by Anne Barngrover
That winter, I stirred sugar and cream. I cut your hair
and counted spoons, tamed the river birds
into umbrellas and taught the dog to sit
for a piece of apple. I wanted to unmake a fox earth
into a home. You thanked me a little less
every day, never saw my love-scatter
skunking off like shingles. As a child, I played a hiding
game as if I were the smallest creature,
training my eye to spot places where
I’d disappear if I needed to flee. Too late for you
to track me down. Where would you find
me now? In booths, in burrows, an attic,
a woodpile, your pocket, the milk jug, under bridges,
under porches, under a moss-eaten log?
If trust is to hem your promises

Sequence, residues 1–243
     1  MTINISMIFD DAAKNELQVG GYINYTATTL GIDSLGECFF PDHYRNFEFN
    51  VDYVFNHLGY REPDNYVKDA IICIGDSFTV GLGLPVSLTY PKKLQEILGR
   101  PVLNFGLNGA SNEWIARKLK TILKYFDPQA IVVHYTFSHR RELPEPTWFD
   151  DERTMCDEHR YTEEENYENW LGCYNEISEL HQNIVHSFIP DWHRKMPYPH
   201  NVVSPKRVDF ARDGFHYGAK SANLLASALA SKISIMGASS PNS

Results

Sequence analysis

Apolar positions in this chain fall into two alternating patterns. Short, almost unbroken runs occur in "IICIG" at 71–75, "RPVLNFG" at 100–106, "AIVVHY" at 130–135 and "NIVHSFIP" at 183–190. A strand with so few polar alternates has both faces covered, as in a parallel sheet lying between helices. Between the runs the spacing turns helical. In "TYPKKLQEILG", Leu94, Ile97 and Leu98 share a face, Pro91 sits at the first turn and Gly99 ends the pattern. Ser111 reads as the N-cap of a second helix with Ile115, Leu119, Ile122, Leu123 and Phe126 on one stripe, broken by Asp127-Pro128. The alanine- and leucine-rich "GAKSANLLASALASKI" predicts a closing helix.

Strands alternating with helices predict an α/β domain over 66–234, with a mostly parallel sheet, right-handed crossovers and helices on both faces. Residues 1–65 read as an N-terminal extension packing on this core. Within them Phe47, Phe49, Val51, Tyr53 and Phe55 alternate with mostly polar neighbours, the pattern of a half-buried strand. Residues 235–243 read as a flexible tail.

into my jacket lining like folded dollars during
an ice storm, then I have been trusting all my life.
I could vanish in a white rain.
I am trying to sluice your words from my clothes,
sodden with ink. I’ve been meaning to tell you:
I cannot comprehend your changing ways—
from balm to shovel, from padlock to light snow.
The moment I look back, I sour and see again
your lips shaping the words
I will follow you, each syllable tender as teeth.